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NHS nurse claimed she was secretly hypnotised to make her fart at work

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NHS nurse who claimed she was secretly hypnotised at work causing her to fart against her will loses lawsuit after she was sacked for refusing to see a psychiatrist

  • Xandra Samson insisted she had covertly hypnotised to break wind at work
  • She also said she had been possessed and gaslighted by low frequency sounds
  • When she complained to bosses they referred her to occupational health team  
  • She refused psychiatric help so was  suspended and then sacked
  • Miss Samson claimed unfair dismissal but lost her case at tribunal this month










A nurse has unsuccessfully tried to sue the NHS after claiming she was being secretly hypnotised at work – to force her to uncontrollably break wind.

Xandra Samson insisted she was suffering from unwelcome ‘gastrointestinal disturbances’ at work including flatulence.

A tribunal heard she also claimed she was being ‘possessed’, her private parts were being ‘attacked’, and she was ‘gaslighted through the use of low frequency soundwaves’.

Miss Samson blamed the perceived paranormal experiences on poor heating and ventilation at the hospital unit she worked at.

The staff nurse at Ealing Hospital, London, self-diagnosed herself as being the target of ‘ideomotor phenomenon’ – a little-known hypnotic concept which is said to make people make movements unconsciously.

The Acute Medical Unit nurse described it as ‘extremely bothersome’ when she sent an email at work in April 2019. Its claims led bosses to become concerned about her mental health and they referred her to an occupational health team.

Miss Samson said: “I would like to report an observed pattern of likely inappropriate use of hypnosis/ideomotor phenomenon in my NHS workplace.

Xandra Samson was a staff nurse at Ealing Hospital, London and self-diagnosed herself

Xandra Samson was a staff nurse at Ealing Hospital, London and self-diagnosed herself

“In the last three months that I have worked in the department, I have experienced odd symptoms which I think is likely related to the above phenomenon.

“I am a healthy individual and does not have any past medical history but recently I have had various symptoms including headaches, breathing difficulty (a feeling of getting choked), and gastrointestinal disturbance (borborygmus, spasms, flatulence).

“This also includes having slurs similar to that of being possessed (as in a paranormal phenomenon). I have also noticed this in some of my patients and colleagues at work.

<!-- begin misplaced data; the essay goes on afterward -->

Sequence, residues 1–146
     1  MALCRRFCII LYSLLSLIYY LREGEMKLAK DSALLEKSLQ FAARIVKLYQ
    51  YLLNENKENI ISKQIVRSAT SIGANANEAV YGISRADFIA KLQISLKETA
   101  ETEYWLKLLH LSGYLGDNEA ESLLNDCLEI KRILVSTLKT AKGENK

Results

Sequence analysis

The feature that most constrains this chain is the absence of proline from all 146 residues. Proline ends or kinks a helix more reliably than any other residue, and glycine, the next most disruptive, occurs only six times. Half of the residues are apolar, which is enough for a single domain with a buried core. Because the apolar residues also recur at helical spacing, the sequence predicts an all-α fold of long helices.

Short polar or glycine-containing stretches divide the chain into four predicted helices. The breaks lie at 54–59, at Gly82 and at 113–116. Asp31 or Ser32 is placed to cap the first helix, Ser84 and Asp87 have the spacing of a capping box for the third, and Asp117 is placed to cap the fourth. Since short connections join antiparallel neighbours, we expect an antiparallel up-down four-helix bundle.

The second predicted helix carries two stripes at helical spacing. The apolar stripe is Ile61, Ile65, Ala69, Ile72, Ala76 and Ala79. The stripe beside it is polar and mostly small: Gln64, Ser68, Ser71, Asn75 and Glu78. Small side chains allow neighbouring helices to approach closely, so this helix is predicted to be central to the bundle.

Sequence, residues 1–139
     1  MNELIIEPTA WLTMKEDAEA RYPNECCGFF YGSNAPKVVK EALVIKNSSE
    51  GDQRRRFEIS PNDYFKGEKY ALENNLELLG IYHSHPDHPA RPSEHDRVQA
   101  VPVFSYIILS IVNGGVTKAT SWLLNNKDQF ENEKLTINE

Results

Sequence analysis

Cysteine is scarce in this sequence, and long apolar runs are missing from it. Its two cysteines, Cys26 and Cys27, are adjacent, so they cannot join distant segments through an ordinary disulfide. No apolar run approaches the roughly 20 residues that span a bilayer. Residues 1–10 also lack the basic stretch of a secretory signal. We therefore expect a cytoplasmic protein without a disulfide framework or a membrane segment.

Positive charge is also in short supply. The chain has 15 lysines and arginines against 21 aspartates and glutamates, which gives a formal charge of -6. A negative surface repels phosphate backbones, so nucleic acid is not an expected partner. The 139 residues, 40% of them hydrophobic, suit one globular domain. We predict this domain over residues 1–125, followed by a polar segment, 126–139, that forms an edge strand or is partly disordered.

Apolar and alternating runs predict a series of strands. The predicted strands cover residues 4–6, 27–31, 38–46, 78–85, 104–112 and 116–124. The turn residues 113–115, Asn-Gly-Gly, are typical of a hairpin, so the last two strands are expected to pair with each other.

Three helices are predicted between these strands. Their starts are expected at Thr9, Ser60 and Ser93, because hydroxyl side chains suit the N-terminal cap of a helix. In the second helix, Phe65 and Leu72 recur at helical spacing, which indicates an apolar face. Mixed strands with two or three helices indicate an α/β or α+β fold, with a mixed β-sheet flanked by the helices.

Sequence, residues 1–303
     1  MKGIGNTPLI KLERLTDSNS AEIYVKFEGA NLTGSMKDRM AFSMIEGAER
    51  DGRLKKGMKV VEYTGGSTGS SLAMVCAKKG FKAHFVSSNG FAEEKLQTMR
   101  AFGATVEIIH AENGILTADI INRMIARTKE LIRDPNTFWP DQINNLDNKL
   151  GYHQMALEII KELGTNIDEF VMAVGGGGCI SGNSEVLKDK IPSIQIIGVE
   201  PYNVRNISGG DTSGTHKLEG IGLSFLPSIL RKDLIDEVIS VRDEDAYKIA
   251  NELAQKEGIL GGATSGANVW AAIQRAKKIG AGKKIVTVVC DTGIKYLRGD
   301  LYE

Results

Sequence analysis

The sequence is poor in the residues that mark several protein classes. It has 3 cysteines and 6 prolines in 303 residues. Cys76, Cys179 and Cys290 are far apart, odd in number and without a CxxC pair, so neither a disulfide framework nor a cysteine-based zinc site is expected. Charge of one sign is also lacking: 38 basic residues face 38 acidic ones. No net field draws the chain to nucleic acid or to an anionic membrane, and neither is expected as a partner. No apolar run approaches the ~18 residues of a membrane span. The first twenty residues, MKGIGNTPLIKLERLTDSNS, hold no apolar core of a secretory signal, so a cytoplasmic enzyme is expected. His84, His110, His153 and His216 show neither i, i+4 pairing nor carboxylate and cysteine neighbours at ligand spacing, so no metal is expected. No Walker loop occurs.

“It becomes extremely bothersome and a distraction at work. It also involves a feeling of being attacked in various parts of the body including that of one’s private part, which I feel is very inappropriate.

“I understand that control is achieved in this phenomenon with an altered state of consciousness and the poorly controlled thermoregulation (heating) and inadequate ventilation (the ward is located in the basement of the hospital) in the area is set up for this purpose.

“I have also noticed that I am being subjected to significant stress/anxiety, which I think makes the subject control easier in this process.

The unusual case was hear at Watford Employment Tribunal Centre earlier this month

The unusual case was hear at Watford Employment Tribunal Centre earlier this month

“This is in the form of excessive scrutiny – I am presented with excessive complaints from colleagues which are mostly trivial and made a subject of a performance management programme, which is not necessary.

“The frequent mention of the names of my acquaintances by my colleagues is also another way of causing anxiety (apart from this being an example of stalking behaviour) or possibly a ‘suggestion’.

“They are also using gaslighting through the use of low frequency soundwaves. Recently, I have seen a van in the parking lot near the area where I work that carries what appears to be audio equipment.”

Miss Samson also claimed she suffered similar hypnotic experiences at her home and wrote to The National Hypnotherapy Society in a bid to back up her claims.

After she told bosses about her bizarre experiences – which included hearing ‘comments’ from the TV and radio – she was referred to occupational health.

Bosses at London North West University Healthcare NHS Trust were concerned about her mental health and repeatedly sought professional help.

Three different doctors saw her, with two deeming she was unfit to work, and the Trust repeatedly tried to get her to see a psychiatrist.

However, Miss Samson insisted she was not mentally ill and refused to see the psychiatrist, claiming she thought she was being ‘experimented upon’.

She suggested she was ‘electro-magnetic radiation sensitive and dismissed one diagnosis of psychosis as ‘incorrect’.

Miss Samson was suspended then sacked in December 2019 for refusing to cooperate with psychiatric help, with the Trust saying ‘there was no other option’ than dismissal.

She tried to sue the Trust for unfair dismissal and disability discrimination but lost her case at Watford Employment Tribunal Centre.

Employmemt Judge Oliver Hyams admitted the tribunal ‘had no idea what ideomotor phenomenon’ was as he ruled the Trust did not discriminate Miss Samson or unfairly dismiss her.

Judge Hyams said her bosses ‘did what they did purely because of what they perceived to be impairments to her mental health exhibited by her various statements’.

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